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Wednesday, 18 November 1959


Mr KILLEN (Moreton) .- As it is unlikely that the Parliament will in the very near future deal with matrimonial causes again I should like to raise a matter which may seem to be a little out of place in point of time. I hope that the AttorneyGeneral will forgive me if he thinks so, but this seems to me to be the appropriate time to raise my point. The relevant part of clause 20 reads -

Subject to this Act, a marriage that takes place after the commencement of this Act, not being a marriage that is void, is voidable, where, at the time of the marriage -

(d)   the wife is pregnant by a person other than the husband.

What is to be the position where a woman is pregnant by means of artificial insemination? That is a practice which is developing, and it involves great matters of morality and great issues of ethics. I ask the Attorney-General: If a woman, without the consent of her husband, is artificially inseminated and is pregnant, would the ground that I have mentioned in clause 20 impinge on such a case, and, broadly, what is the juridical position in this regard at the moment? It may be though that my question is anachronistic, but I think it has a measure of relevance and I hope that the Attorney-General will understand the mood which prompts the question.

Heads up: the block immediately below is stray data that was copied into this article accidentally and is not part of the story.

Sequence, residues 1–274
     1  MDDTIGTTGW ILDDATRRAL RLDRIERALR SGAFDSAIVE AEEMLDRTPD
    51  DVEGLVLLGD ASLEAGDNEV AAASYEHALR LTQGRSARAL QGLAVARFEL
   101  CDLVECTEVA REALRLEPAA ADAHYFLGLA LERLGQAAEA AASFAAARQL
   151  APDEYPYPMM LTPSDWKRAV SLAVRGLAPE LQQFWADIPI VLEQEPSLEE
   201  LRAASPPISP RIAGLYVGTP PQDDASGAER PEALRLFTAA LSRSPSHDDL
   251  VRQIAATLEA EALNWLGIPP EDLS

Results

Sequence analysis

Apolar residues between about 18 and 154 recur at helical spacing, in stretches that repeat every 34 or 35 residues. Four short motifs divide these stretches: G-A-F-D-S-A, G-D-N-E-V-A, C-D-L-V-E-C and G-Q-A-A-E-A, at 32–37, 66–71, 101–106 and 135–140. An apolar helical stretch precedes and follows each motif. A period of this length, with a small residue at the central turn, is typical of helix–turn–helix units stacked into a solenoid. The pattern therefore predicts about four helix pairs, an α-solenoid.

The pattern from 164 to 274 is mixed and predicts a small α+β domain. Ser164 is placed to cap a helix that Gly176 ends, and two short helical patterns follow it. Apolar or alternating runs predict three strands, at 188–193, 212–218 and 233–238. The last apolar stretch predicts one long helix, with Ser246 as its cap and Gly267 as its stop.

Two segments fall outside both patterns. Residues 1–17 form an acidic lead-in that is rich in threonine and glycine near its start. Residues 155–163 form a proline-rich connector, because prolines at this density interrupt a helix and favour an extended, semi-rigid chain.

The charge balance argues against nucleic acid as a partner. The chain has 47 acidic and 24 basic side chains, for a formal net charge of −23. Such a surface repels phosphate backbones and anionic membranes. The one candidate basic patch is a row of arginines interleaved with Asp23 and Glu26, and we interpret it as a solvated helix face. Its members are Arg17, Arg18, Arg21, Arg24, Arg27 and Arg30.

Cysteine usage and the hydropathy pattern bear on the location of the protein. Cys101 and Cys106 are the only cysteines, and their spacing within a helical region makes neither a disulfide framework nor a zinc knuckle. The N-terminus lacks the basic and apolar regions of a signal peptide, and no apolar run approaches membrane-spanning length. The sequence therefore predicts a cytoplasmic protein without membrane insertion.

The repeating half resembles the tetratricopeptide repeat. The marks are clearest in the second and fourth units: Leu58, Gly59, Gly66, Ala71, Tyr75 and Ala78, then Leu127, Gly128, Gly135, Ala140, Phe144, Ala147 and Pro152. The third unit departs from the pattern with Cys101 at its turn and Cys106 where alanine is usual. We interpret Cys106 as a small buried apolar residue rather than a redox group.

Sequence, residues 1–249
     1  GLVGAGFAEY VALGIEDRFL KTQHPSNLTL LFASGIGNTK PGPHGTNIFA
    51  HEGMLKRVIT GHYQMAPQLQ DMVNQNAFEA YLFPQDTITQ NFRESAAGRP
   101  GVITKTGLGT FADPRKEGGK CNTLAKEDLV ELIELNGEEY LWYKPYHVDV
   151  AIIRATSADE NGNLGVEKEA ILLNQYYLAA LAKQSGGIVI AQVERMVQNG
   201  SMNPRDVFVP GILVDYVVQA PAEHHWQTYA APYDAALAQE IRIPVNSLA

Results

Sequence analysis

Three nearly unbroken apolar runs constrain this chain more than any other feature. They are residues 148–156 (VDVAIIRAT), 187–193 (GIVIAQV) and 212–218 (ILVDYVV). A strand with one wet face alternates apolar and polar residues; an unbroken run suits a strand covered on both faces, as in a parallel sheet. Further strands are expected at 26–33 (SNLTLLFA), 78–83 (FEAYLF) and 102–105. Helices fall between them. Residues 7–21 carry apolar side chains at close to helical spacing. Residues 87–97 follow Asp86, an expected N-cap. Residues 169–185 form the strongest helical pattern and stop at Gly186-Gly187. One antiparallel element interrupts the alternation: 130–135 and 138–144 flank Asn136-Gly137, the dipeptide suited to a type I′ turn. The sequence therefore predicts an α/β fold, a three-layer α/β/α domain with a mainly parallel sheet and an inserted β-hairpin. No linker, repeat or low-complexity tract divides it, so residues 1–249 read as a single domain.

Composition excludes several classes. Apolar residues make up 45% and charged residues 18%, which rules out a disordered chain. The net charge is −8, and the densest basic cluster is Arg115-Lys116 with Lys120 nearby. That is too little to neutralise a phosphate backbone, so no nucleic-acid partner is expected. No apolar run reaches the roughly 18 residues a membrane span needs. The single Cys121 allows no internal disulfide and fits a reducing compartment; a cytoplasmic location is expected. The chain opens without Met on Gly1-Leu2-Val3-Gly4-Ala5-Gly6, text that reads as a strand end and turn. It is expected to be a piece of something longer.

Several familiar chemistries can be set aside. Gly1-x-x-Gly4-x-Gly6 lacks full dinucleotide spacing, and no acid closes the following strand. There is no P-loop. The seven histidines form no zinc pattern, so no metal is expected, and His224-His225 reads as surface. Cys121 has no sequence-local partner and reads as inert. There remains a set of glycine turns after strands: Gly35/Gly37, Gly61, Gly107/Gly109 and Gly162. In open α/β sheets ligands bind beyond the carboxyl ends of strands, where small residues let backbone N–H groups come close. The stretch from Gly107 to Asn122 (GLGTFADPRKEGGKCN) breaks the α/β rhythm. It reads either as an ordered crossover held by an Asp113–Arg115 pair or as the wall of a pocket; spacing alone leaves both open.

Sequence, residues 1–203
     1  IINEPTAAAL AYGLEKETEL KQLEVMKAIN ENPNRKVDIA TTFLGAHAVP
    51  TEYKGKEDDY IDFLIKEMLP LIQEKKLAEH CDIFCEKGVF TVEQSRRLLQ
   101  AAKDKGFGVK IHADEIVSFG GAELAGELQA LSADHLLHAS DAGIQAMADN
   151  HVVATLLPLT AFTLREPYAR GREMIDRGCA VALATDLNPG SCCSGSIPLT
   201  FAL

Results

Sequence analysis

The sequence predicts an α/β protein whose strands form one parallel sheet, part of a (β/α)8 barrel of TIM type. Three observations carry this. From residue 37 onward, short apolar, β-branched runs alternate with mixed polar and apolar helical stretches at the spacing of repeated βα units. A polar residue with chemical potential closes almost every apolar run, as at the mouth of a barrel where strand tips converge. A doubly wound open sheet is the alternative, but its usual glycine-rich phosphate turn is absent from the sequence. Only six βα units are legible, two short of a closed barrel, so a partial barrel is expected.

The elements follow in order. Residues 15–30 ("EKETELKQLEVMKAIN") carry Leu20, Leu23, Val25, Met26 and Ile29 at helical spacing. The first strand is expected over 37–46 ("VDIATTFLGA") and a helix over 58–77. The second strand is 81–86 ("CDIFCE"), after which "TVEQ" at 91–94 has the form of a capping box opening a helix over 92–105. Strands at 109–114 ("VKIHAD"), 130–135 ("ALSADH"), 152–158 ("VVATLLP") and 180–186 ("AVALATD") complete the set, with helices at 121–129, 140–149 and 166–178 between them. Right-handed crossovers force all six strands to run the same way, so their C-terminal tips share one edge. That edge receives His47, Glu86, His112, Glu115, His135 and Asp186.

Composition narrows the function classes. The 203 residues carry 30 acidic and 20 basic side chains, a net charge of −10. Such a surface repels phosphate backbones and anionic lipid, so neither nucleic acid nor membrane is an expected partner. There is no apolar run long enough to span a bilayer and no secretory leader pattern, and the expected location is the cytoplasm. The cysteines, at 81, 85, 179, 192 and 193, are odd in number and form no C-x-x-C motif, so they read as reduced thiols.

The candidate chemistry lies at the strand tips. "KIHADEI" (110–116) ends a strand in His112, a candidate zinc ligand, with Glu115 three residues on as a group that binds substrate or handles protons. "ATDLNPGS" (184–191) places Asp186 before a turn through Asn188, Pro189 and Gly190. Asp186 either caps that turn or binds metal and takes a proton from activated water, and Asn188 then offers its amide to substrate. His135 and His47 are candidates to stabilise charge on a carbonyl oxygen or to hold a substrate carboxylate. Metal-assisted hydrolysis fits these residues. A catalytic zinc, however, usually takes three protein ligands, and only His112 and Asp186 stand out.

Mr Beazley - Before the Minister proceeds to answer that question, would he answer the question regarding the definition of " unsound mind "?







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